This, really, has been the background message from the DOJ – if correcting our police department was too expensive, the City could dissolve the department and contract with St. Louis County for policing. The DOJ particularly pushed this with the Ferguson protest community, suggesting that the protesters’ could end the policing while keeping the city.
Now the DOJ’s proposed settlement has been released, and none of the reassurances were true. The settlement will cost the City more than $1.3 million in the first year alone, including $350,000 a year in monitoring costs. It will require hiring more police officers and mandate that all officers spend a significant amount of time in non-policing community activities. It will require expensive, yearly, “retraining” of every police officer, for years to come. Beyond the cost, it will substantially change policing in Ferguson, making it harder for police to do their jobs and even harder for officers to ensure their own safety.
And worst of all, it says that if the City of Ferguson were to contract with St. Louis County Police, the County Police would have to abide by all of the terms of the agreement. The County would have to agree that all officers potentially patrolling Ferguson would receive the constant retraining and spend time on non-policing duties while being closely monitored. Officers would be required to give up whole categories of policing (and be trained to police in a different way) and put themselves and our community at increased risk. The County Police Department would have to agree to the very terms that forced the Ferguson Police Department out of existence.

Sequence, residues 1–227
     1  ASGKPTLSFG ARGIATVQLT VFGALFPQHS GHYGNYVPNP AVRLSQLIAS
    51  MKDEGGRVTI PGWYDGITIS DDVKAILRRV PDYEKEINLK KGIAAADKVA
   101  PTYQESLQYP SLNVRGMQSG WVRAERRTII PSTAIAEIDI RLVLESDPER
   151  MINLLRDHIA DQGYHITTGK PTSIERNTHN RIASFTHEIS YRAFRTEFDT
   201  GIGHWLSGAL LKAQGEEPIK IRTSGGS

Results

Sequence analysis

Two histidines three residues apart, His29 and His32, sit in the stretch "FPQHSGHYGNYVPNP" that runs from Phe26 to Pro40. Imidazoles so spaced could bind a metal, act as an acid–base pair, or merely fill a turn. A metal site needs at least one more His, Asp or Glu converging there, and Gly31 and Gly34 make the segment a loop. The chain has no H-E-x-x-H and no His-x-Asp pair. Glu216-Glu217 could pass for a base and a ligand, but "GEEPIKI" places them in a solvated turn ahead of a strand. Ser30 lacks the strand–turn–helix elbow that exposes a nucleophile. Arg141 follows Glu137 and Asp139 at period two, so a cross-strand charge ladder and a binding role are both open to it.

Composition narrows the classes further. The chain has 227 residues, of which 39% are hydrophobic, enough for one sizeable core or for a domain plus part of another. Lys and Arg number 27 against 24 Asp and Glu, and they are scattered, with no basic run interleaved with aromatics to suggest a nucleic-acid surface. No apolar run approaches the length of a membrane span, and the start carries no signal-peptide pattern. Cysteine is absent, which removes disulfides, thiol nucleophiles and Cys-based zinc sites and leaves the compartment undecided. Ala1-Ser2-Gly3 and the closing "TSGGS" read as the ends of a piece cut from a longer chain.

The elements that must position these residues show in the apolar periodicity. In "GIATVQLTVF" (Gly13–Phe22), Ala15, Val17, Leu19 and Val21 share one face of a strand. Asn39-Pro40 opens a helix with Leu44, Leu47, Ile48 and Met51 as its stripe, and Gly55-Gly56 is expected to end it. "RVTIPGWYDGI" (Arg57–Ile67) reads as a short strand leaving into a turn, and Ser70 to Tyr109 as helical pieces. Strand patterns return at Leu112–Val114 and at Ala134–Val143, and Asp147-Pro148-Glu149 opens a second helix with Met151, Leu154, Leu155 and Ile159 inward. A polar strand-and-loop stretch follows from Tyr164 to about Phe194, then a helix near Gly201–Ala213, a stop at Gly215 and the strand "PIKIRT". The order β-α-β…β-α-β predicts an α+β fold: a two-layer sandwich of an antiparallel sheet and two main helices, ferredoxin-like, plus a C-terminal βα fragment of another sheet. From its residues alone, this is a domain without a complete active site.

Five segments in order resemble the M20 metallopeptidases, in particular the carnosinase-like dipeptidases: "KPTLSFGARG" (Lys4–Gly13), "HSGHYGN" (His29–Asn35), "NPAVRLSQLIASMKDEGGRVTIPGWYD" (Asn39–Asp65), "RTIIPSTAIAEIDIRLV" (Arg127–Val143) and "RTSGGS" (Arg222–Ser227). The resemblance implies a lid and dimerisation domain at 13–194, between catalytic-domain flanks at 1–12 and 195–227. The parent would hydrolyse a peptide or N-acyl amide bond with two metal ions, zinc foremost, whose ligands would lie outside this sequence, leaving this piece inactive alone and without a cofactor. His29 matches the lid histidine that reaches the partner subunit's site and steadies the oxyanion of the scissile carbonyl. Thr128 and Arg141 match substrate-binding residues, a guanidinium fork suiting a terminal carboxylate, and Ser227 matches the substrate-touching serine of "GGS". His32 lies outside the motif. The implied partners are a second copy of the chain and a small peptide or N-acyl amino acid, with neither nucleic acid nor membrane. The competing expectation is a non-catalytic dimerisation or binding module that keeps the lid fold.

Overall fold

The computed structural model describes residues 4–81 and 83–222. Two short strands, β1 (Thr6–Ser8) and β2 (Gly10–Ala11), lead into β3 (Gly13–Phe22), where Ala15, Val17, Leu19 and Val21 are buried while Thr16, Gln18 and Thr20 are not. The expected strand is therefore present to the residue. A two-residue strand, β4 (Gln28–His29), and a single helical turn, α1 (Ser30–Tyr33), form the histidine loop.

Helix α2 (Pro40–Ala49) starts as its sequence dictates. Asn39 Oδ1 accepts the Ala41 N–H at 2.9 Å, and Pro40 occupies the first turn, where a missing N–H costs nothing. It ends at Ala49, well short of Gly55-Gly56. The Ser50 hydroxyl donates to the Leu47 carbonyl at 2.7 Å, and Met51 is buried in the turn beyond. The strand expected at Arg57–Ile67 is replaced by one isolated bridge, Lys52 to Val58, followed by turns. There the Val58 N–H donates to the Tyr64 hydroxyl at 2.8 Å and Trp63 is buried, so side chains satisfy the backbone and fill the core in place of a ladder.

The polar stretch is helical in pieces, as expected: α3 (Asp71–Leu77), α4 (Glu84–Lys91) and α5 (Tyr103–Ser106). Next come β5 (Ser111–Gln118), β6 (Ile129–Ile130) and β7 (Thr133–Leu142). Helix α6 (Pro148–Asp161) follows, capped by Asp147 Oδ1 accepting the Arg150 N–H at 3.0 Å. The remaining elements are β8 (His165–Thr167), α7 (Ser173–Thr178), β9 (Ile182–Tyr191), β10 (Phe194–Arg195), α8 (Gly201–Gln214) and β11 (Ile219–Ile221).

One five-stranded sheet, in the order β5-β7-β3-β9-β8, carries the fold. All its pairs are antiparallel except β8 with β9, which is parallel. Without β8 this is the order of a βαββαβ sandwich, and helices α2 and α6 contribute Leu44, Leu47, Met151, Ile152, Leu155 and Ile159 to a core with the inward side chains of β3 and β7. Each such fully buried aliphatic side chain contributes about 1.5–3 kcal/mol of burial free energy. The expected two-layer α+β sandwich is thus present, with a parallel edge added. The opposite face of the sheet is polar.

It’s not going to happen. St. Louis County, without the gun of a DOJ lawsuit to its head, will never agree to the egregious terms and costs that the DOJ is trying to force on Ferguson - it won’t sign on for the successor liability and won’t force the costs onto the rest of the County. Why would it.
There is only one way for the County to take over policing without being bound by the agreement Ferguson signed. The City of Ferguson will have to vote to dissolve itself. Once Ferguson was no longer a legal entity we go back to being unincorporated St. Louis County and the County Police would be able to step in without being bound by the DOJ agreement.
Again, it’s hard to describe how dispiriting this is to the residents of Ferguson. After all the reassurances, the Department of Justice is demanding the City sign its own death certificate. Think we are wrong? Ask the DOJ if there is any other way for St. Louis County to take over the policing without having liability for the agreement. It’s a sad day in Ferguson, and should be a sad day everywhere in the United States. The DOJ seems to have decided that our friendly little diverse city needs to be sacrificed in the name of social justice.
Help Ferguson Get the Truth Out
Beginning with Eric Holder announcing the Department of Justice’s “searing” report, the DOJ has selectively collected and presented information to paint Ferguson as racist and abusive. Ferguson Truth was formed to push for transparency and truth from the Department of Justice, to counteract this distorted narrative that the DOJ created.